Sans tried to imagine her looking at him like that, and it sort of made him want to curl himself into a tiny ball and hide forever. He huddled further into the unruly ruff of his coat at the mere thought, shivering, but Papyrus's broad hands held steady as a surgeon's as he dragged a shallow line through the Captain's topmost gill. 

 

She didn't flinch. There were only four lines above it, and sans knew at least two of them belonged to the king. No shame in that—Asgore was easily four times her size with the added bonus of being terrifying, and the fact that she’d even lasted a round with him as a loudmouth teenager was nothing short of a miracle, he was fond of reminding her.  A third (if the rumor was true) belonged to Her Former Majesty, which is too horrible to think about. The fourth one, she kicked sans in the head for asking about. The fifth, now, belonged to Papyrus.

 

His brother was so goddamn cool.

 

She beat Papyrus' ass three times in a row for it, made the point abundantly fucking clear that she was still in solo command of this ragtag ship. She broke Pap’s collarbone in retribution right before she chipped a last ragged chunk of bone out to mark her victory. 

 

The whole time through, he didn't make a sound.

 

She’d started marking Papyrus's notches off in bundles of five years ago, back when he was first accepted into the academy, and she's made it all the way down his neck now, across his clavicle and started in on his sternum.

 

They're the only injuries sans was expressly forbidden to touch. They’re also they only ones sans actually sorta wanted to.

 

“You must be very proud,” the Scientist said, still without looking at him. Her voice was clipped and cold. “To have a brother so formidable as to even offer a challenging workout for Captain Undyne.” She smiled, and it looked like maybe she’d only ever heard the expression described before in books. He wondered if she called Undyne ‘Captain’ when they were alone together. He hoped not. 

 

She tugged thoughtfully at his chain and sans jerked forward, choking. “You, on the other hand, well. You’re a bit of a glass cannon, aren’t you?“

 

 

Sans blinked once, twice, and then—

 

he’s not at the ring anymore, he’s not anywhere, he’s in the basement of a place that doesn't exist and he’s naked and he’s trembling all over and you’re a bit of a glass cannon, my boy, off the charts, you are completely off the charts but you’ve got to be fast, fast, faster no faster than that you useless sack of bones, I said move it you’ll get yourself dusted the second they land a blow do you understand me are you even capable of understanding me you idiot—

 

and sans understood, of course he did, he’d understood his place from the day he’d blinked awake on the lab’s cruel steel table and immediately been kicked to the floor, but he hurt, he hurt so badly and he couldn't make himself move—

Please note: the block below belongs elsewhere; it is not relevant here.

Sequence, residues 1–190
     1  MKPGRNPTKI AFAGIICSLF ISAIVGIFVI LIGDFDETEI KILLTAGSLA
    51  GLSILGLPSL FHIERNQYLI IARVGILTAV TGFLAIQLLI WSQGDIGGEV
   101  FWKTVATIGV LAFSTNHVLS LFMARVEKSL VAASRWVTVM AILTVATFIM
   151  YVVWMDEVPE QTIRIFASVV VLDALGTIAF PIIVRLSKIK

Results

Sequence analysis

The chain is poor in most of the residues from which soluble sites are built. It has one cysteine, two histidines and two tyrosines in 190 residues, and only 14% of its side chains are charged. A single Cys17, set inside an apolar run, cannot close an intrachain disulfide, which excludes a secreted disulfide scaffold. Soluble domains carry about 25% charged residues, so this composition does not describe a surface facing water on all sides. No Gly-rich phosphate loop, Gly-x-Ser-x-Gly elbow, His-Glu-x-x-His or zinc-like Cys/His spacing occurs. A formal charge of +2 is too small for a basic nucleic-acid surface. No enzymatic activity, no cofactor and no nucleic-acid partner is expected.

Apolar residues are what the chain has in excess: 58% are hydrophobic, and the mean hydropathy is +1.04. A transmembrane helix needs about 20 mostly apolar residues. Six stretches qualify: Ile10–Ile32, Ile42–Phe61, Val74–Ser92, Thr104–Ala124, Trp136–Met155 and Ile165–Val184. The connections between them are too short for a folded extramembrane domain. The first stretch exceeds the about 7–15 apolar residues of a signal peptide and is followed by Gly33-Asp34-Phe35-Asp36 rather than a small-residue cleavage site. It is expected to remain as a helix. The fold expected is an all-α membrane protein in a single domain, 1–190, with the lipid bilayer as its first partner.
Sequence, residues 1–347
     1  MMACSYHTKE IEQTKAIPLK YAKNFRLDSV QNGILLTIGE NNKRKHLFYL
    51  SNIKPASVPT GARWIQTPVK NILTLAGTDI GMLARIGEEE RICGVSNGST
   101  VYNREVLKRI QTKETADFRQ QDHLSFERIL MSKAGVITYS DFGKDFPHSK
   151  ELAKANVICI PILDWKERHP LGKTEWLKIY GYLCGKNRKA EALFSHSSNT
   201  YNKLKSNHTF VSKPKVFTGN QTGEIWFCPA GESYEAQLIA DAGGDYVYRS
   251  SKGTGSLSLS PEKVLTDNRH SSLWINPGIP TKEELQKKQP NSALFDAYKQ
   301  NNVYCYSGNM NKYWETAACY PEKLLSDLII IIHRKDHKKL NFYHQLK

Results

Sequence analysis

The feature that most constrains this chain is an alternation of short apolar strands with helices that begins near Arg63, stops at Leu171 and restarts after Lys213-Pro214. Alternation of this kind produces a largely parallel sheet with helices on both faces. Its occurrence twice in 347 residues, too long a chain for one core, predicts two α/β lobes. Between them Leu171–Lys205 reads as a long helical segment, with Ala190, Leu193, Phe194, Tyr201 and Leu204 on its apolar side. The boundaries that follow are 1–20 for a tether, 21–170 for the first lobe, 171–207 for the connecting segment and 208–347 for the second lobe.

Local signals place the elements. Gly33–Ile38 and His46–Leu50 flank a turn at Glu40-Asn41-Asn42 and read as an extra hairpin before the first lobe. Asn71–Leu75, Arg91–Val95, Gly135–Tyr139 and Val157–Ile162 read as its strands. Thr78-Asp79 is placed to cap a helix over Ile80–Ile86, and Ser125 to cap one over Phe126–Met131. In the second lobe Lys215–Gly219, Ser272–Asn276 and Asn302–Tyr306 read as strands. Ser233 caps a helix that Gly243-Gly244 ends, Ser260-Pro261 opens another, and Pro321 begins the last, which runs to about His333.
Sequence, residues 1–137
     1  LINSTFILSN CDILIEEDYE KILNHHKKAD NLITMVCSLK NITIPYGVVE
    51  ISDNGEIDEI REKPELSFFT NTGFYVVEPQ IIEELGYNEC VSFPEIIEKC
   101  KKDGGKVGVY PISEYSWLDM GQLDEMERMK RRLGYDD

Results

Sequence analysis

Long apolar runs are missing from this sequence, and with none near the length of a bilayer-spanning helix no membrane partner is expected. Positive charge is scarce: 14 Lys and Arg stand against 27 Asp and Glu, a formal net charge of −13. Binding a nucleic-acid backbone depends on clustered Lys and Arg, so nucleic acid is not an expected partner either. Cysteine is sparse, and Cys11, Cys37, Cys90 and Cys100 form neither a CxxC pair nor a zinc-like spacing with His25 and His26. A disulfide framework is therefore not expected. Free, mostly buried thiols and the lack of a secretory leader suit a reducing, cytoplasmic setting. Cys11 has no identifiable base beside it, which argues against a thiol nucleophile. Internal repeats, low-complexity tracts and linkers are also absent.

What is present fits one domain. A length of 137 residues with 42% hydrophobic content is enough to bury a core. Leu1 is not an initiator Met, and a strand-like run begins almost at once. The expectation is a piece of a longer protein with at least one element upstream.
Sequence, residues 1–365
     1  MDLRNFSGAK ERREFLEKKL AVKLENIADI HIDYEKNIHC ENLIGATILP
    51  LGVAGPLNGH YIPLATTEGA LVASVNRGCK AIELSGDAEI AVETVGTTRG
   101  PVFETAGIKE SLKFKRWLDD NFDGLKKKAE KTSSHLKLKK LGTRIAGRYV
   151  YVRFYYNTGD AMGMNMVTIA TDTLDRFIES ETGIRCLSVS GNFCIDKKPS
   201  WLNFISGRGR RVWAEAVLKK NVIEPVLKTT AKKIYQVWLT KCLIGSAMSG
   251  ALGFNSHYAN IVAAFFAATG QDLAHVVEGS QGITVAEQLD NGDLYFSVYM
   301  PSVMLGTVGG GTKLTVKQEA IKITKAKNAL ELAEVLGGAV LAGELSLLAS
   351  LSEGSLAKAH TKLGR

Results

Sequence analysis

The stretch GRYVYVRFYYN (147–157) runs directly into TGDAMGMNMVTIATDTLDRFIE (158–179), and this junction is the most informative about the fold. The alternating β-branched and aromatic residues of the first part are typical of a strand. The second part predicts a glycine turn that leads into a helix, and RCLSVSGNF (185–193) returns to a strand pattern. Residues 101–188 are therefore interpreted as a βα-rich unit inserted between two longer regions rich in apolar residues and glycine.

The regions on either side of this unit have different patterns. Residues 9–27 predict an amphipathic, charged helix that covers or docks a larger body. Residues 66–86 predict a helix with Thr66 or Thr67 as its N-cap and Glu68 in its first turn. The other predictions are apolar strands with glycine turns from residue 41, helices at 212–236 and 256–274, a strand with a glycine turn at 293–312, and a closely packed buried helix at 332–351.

He’d never been more grateful for Papyrus’ crushing grip around his shoulder.  “We’re done here,” his brother deadpanned in his general direction, sounding for all the world as though he isn’t bleeding profusely from the collarbone. sans breathed a tiny sigh of relief as he retrieved the leash from Alphys’ lax claws. She didn’t fight it.

 

“Until next time, sans!” she called after them, “I’d love to hear more about your work!”

 

They’ve barely turned a corner before Papyrus landed a clenched fist squarely on the back of sans’ skull hard enough to send him stumbling forward, his entire field of vision suddenly filled only with bright bursts of pain. 

 

“What did I say about running your mouth in public, what did I say about interacting with other monsters, what did I say about how goddamn easy you are to kill,” Papyrus snarled at him and grabbed hold of the brass ring affixed to sans’ collar, abandoning the leash in favor of lifting him up onto his toes. Sans scrabbled uselessly at his throat and tried to remind himself that Papyrus probably wouldn’t murder him out in the open like this. 

 

Probably.

 

“Sorry,” he choked. “S-sorry, Pap, I’m so sorry—“ Another blow to the skull dropped him to his knees in the snow. Blinded, he barely managed to catch himself on his damaged hands.

 

“No,” his brother spat, and then there was a harsh weight on his spine—Papyrus’ boot,  a massive, thick-soled affair, crushing him dispassionately to the ground like he’s an insect that holds some faint passing interest.

 

Sans made a strangled kind of wheezing sound as the boot pressed cruelly down on his ribcage, bones creaking in protest. He’d be willing to bet Pap’s got a smile on his busted face a mile wide, if only sans could twist around enough to see him. He wanted to see it.

 

Papyrus crouched down over his prone form like a predatory bird, his knee digging sharp into sans’ shoulder blade, and stroked a fond hand over the cratered ridge of sans’ cheekbone. When he finally spoke again, it sounded very nearly fond. 

 

“No, sans. You’re not sorry yet.” Sans shuddered at the unsettling feeling of two of his brother’s fingers hooking themselves into his eye socket and dragging his head around to meet Papyrus’s coal-bright eyes. 

 

But you will be.”